Movers and Shakers – Draft Pick Order #2

Today marks the release of the first draft pick order since the original! With the two pick orders being four months apart (whew!) plenty of cards have moved around. I’ve written this article as an attempt to explain some of the major shifts that occurred on the pick order. Most of them are based on metagame shifts (which I’ve discussed in a separate article), some are just under/overvalued cards, the rest are card changes.

Cards that went up

Bomb Rares


Bombs were initially underrated on the first tier list, and the lack of legendaries meant that many absurd bombs weren’t even on the list. With the format slowing down and aggro decks becoming more and more midrange, powerful bombs get there chance to shine. Many expensive cards moved up the the pick order.

Smuggler’s Stash (B- to A+)


At the time, games ended quickly and cared more about tempo than value. By the time you got to 5 power, you’d rarely be able to take the turn off to cast it and you’d usually be bringing back 4 or 5 power worth of units. Nowadays, with games going long, this ends up as reading “draw your four best cards” in the right deck, which is absurdly powerful. You do need to draft around it (mostly by prioritizing weapons) but the power is there.

Whip Chain (B- to A-)


This card was just plain undervalued at the time. While the danger of exposing yourself to Deathstrike was certainly a factor back when it was a common, its one of the few cards that punishes you. This card makes one of your units better and eats their best unit/flyer, putting you way ahead on board. That’s certainly enough value to risk a two for one.

Pillar of Amar (B+  to A+)


This may be the best non rare finisher in the game. Not really a 7 drop, it comes down on turn 8 with a power and puts two 5/5s into play. Unless you’re losing so badly that two 5/5s won’t save you, your opponent needs to kill it immediately or they lose the game as it grind them down.

Seek Power (C- to B-)


Splash was pretty unpopular back when the first tier list was made. It’s grown in popularity, and even two color decks appreciate the deck thinning and faction-fixing that Seek Power provides. It’s a solid inclusion in any deck that isn’t super aggressive.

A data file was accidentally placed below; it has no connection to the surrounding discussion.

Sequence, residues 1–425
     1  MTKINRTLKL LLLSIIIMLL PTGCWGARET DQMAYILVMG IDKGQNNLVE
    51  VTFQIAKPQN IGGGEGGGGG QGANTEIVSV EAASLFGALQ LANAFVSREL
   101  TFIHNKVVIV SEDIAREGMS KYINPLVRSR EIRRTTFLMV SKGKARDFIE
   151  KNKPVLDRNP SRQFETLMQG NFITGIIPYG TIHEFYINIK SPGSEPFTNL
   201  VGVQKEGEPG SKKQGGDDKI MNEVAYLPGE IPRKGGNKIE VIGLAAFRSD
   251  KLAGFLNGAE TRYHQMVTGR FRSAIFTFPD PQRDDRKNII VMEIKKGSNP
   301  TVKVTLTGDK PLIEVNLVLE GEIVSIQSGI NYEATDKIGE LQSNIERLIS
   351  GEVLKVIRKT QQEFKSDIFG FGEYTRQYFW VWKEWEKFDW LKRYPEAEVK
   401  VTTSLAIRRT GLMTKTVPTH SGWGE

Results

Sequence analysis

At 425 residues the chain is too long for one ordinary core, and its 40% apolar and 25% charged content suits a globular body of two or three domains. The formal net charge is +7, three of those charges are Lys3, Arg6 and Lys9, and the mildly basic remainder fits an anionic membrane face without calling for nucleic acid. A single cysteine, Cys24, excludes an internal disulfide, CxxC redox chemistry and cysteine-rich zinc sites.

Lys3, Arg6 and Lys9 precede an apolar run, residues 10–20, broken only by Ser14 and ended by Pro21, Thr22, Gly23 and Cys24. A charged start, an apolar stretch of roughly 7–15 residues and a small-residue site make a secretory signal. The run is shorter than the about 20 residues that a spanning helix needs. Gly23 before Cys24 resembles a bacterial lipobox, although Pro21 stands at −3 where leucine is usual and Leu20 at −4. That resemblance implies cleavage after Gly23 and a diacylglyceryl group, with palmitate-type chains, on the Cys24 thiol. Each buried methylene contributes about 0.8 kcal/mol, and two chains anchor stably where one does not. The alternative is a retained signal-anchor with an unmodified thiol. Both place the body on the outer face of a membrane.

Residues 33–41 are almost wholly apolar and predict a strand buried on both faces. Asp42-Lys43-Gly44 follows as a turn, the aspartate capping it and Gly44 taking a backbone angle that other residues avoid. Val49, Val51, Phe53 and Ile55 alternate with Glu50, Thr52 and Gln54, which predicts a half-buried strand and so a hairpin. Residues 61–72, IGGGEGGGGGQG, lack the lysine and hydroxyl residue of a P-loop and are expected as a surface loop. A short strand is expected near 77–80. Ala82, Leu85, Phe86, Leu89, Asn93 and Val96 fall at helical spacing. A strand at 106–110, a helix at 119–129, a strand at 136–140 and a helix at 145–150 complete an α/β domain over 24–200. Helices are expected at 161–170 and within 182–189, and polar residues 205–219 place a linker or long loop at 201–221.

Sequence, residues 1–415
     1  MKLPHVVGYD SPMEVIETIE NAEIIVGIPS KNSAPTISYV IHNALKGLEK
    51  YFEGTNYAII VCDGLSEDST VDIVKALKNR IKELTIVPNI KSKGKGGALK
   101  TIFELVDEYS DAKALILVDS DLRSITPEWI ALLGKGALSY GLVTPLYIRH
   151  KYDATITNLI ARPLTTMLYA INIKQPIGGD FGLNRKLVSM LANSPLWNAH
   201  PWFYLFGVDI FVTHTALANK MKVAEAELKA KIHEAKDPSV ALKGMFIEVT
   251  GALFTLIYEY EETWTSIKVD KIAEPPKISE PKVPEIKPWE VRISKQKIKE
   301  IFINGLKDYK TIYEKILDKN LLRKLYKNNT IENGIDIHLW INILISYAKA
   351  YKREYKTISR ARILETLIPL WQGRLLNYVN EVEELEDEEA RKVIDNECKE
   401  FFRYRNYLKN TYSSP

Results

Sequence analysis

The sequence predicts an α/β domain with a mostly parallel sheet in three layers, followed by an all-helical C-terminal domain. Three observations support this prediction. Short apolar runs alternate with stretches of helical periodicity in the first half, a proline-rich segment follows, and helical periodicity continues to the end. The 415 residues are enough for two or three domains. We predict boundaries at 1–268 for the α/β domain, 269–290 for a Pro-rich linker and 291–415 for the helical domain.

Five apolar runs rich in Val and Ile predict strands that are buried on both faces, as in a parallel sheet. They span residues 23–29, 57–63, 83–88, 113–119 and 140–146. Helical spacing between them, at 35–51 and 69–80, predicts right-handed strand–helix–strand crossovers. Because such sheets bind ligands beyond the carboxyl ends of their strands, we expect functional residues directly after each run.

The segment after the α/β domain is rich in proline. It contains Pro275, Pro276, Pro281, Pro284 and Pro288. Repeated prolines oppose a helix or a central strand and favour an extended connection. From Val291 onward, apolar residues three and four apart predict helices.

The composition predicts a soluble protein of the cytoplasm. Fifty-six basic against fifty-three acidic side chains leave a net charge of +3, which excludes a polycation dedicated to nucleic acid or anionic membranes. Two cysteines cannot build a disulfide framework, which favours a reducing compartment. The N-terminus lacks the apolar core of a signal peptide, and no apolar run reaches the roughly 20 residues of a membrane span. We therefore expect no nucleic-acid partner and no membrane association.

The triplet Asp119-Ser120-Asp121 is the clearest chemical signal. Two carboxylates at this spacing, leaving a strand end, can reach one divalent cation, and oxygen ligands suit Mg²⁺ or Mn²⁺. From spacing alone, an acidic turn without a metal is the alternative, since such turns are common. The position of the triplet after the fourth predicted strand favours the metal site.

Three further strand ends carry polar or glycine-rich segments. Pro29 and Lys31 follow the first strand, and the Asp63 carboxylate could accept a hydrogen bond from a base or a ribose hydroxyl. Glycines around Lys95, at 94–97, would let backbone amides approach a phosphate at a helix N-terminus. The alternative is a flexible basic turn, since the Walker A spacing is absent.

Amethyst Acolyte (D+ to B)


This card goes up entirely due to its balance change. Before, it did two damage to the opponent and gained you two health, which was cute but the body wasn’t very relevant. Nowadays it gives -1/-1, which is even better than 1 damage because it’s permanent. The power to pick off an enemy unit or shrink their best guy brings it up a lot, even if the body is still not super relevant.

Cards that went down

Torch (S to A)


When the pick order first came out, Rakano and Stonescar decks were in full swing, aggressively ending games by turn six. With games no longer being decided so quickly, players were able to play expensive units that had four or more health, and Torch’s status as a removal spell went down. It’s still a great card, but Fire as a faction has gotten weaker and its no longer the windmill slam it once was.

Sword of Icaria (A to B-)


This one… may have been overvalued. At its base level its a 3 damage removal spell with Warcry, but it played well with other Warcry effects and an early 5/4 Sword was something few draft decks could deal with. Now it falls down the list a lot, as three damage kills less and less of the commonly played units. It is still a good card, it was just overvalued. It’s lower on this pick order than it would be based on power level because it’s a multifaction card and Rakano isn’t a strong combination right now.

Oni Ronin (A+ to A-)


One of the few 2/1s to stay in A rank, Oni Ronin still leads to some busted starts. However, most of his support has gone up in rarity or is gone altogether, making it much harder to get the ball rolling. With the exception of Pyroknight, this is probably the best one drop you can play.

Predator’s Instinct (B+ to C-)


This card is much less impressive than we used to think. Unlike Whip Chain, it requires you already having the biggest unit on the board, so it won’t help you come back from behind. It also doesn’t leave any major benefit behind after you’ve used the Killer ability, so it works as a conditional removal spell. There are enough situations where it isn’t what you want that this card comes way down the list.

If you see a major disparity you’d like me to explain, please let me know and I’ll add it to the list!


  1. These cards are very powerful in a defensively minded time deck. It is not that hard to get to 8 power, and if you do you can usually win. I don’t know if you have ever faced a Marisen in draft, but if you don’t have an answer you lose real fast. You just have to build around her a bit.

  2. Is Marisen really that good? Eight power means you have to draw about half your deck, which means you can play her on turn 16, on average. That just seems a little too unreasonable, even for a card that wins you 9 out of 10 games where you play it.

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